2. It is difficult to determine the initial intensity of a tropical cyclone due to the lack of reliable observations.

3. Very little guidance is currently available to forecast intensity changes. Extrapolation is basically the most commonly used rule.

4. The process that lead to changes in intensity of a tropical cyclone appears to be closely related to changes in structure, primarily of the inner core. Most of the time, there is no information available. Even when there is information, it has not been translated into forecasting tools.

5. It is recommended that the development of intensity forecast tools be elevated to a high research priority.

ACKNOWLEDGMENTS: The author is grateful to Dr. Richard Pasch, hurricane specialist at the NHC and Dr. Mark DeMaria for many valuable discussions.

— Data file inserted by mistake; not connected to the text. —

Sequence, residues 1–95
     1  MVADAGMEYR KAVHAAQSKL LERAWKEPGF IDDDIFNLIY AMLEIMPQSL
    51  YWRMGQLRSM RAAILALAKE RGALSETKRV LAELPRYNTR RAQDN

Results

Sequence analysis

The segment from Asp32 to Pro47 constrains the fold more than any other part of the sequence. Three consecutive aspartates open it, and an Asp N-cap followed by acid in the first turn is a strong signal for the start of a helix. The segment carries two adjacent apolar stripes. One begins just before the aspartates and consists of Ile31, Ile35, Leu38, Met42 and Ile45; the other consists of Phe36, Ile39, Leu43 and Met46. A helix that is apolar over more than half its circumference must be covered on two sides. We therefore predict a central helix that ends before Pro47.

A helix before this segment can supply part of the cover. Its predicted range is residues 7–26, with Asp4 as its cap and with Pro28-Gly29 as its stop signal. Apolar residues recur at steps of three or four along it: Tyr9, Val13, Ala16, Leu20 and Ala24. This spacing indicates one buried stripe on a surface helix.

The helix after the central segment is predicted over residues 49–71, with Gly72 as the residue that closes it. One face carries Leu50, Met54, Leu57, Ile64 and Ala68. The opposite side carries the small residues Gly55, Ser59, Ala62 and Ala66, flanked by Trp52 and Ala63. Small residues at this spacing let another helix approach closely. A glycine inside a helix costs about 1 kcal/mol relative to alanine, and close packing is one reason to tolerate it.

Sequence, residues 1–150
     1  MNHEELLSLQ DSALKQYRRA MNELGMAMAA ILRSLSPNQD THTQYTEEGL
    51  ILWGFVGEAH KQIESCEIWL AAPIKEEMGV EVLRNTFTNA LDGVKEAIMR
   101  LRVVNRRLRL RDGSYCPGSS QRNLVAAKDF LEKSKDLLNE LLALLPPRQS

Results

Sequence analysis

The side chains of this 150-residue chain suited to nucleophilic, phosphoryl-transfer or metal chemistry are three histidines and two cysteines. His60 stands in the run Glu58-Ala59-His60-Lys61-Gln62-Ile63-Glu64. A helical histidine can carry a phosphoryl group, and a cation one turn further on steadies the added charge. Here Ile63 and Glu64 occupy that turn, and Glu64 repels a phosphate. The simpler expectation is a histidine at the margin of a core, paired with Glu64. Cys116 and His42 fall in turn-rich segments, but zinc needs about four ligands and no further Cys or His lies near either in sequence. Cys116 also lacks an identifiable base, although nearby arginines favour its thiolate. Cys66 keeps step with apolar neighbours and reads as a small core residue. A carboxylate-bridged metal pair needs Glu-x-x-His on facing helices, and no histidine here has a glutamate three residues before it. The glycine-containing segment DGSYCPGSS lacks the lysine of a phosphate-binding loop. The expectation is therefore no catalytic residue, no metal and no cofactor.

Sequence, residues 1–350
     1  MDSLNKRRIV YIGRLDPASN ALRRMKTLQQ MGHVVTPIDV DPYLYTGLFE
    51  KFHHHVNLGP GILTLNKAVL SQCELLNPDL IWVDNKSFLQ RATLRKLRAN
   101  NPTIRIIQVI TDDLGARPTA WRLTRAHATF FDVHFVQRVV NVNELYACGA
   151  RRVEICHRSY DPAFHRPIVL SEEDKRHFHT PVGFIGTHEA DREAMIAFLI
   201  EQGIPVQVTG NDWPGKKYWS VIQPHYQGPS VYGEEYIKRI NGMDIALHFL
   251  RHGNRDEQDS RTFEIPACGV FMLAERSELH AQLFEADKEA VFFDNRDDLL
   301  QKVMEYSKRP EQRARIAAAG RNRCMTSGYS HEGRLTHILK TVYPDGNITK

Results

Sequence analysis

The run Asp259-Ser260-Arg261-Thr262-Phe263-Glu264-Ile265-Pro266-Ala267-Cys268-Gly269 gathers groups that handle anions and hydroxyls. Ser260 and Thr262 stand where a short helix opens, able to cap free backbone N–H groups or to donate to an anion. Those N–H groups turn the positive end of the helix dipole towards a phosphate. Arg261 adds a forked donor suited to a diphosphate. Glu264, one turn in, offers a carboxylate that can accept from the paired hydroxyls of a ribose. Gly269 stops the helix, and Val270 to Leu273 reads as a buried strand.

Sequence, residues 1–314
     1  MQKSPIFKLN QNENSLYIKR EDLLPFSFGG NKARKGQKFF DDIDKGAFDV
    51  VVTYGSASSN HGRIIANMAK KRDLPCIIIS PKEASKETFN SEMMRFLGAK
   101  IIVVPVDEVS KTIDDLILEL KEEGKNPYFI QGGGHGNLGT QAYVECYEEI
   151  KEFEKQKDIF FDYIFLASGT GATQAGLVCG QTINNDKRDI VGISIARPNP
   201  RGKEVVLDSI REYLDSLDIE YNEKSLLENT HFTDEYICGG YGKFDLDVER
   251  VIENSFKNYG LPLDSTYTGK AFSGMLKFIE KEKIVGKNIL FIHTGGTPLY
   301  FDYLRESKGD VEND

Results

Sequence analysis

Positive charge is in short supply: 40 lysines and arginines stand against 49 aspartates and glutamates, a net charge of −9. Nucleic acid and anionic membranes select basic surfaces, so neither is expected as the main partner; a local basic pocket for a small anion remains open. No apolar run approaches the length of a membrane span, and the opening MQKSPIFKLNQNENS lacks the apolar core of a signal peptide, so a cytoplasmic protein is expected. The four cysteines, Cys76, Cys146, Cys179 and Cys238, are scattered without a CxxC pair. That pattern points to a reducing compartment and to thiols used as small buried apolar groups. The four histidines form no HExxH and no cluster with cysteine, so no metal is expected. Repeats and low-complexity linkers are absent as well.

DeMaria, M., and J. Kaplan, 1994: A statistical hurricane intensity prediction scheme (SHIPS) for the Atlantic basin. Wea. Forecasting, 9, 209-220.

Dvorak, V. F., 1984: tropical cyclone intensity analysis using satellite data. NOAA Tech. Memo. NES 11, 47 pp.

Molinari, J. And D. Vollaro, 1989: External influences of Hurricane Intensity. Part I: outflow Layer Eddy Angular Momentum Fluxes. J. of Atmos. Sc., 46, 1093-1105.

Powell, M.D., S. H. Houston, and T. A. Reinhold, 1996: Hurricane Andrew's landfall in south Florida. Part I: standardizing measurements for documentation of surface wind fields. Wea. Forecasting, 11, 304-328.

Riehl, H., 1954: Tropical Meteorology, Mc Graw-Hill, 392pp.

Saffir, H., and R. Simpson, 1974: The hurricane disaster potential scale. Weatherwise, August 1974, 169-170.

Willoughby, H. E., J. A., Clos and M.G. Shorebah, 1982: Concentric Eye Walls, Secondary Wind Maxima, and the Evolution of a Hurricane Vortex. J. Appl. Sci., 39, 505-514.